Micro biomass CHP plant fired up in Fukushima, more planned
Six years after the natural disaster and the reactor catastrophe in Japan’s Fukushima prefecture, Gov. Masao Uchibori inaugurated a small-scale biomass power plant at health resort Nishigo, the first of a series of plants that Entrade said it plans to build in coming weeks.
Entrade’s E3 design a micro combined-heat-and-power system that provides a decentralized energy supply in developed and emerging markets. In a high-temperature reactor, the compact power station module uses solid biomass to generate high-quality syngas, which is used to produce up to 25 kW of electricity and 60 kW of thermal energy.
The Nishigo E3 plant uses biomass available in the region—for instance, pellets derived from waste wood and saw dust—to provide a hotel and a spa with electricity and heat. “By using biomass from the region, we protect the environment together with Entrade, and in addition create jobs,” said Mitsuo Fujita, managing director of the building company Fujita Construction, and operator of the hotel and spa resort Abukuma. “In the future, we plan to derive a third of the energy that is required here around the clock from E3 power plants.”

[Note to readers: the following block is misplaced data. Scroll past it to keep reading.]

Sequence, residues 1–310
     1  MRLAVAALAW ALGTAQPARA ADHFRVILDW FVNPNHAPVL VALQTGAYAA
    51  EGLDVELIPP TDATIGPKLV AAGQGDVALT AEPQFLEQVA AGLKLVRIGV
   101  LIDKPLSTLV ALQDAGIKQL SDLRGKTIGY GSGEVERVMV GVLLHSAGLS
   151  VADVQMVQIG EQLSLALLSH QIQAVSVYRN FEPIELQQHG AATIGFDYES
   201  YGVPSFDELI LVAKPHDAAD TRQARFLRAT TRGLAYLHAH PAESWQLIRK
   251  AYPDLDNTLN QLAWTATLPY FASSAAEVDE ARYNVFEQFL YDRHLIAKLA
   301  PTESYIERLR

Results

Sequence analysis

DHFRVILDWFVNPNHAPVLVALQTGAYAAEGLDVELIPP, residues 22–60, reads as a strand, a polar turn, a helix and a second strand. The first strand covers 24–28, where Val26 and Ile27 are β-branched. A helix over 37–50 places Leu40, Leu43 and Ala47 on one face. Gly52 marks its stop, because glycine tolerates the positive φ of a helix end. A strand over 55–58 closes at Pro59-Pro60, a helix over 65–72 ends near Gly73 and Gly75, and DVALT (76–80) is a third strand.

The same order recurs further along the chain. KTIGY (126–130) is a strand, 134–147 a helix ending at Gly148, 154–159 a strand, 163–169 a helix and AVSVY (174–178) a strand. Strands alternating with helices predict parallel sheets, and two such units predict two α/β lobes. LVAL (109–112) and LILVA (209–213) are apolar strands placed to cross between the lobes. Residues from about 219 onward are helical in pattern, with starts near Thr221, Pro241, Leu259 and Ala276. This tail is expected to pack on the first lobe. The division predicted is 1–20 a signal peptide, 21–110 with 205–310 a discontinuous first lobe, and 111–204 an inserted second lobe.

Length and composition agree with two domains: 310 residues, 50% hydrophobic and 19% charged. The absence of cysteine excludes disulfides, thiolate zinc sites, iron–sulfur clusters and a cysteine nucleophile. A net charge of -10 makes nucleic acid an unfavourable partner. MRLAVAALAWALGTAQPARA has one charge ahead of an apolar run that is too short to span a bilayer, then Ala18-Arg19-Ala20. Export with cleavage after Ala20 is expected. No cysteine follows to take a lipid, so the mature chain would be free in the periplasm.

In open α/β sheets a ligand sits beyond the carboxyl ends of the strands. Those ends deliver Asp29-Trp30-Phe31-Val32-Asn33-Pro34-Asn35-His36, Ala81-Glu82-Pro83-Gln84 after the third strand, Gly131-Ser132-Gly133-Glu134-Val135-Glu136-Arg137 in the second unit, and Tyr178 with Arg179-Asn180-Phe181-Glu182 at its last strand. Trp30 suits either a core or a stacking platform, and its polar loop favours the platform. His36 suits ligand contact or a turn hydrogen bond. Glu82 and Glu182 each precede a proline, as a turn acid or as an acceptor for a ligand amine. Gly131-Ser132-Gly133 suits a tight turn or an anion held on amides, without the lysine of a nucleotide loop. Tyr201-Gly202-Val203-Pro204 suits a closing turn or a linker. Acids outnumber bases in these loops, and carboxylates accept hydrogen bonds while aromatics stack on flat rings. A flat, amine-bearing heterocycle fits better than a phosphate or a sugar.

The first power plant will supply enough heat to bring the water for the healing treatments to an appropriate temperature, and to heat the rooms of the hotel. “Besides delivering clean energy to large industrial estates in Great Britain, we now demonstrate a further application of our innovative power plants here in Japan: in the energy-intensive hotel and tourism industry,” said Julien Uhlig, CEO at Entrade. “As of today, we start to reduce the load on the Japanese power grids together with our partners, and still make even more renewable energy available. Our special thanks go to the governor Masao Uchibori, entrepreneur Mitsuo Fujita but also to the government of North-Rhine Westphalia, which has been cultivating a close cooperation with the Fukushima prefecture.”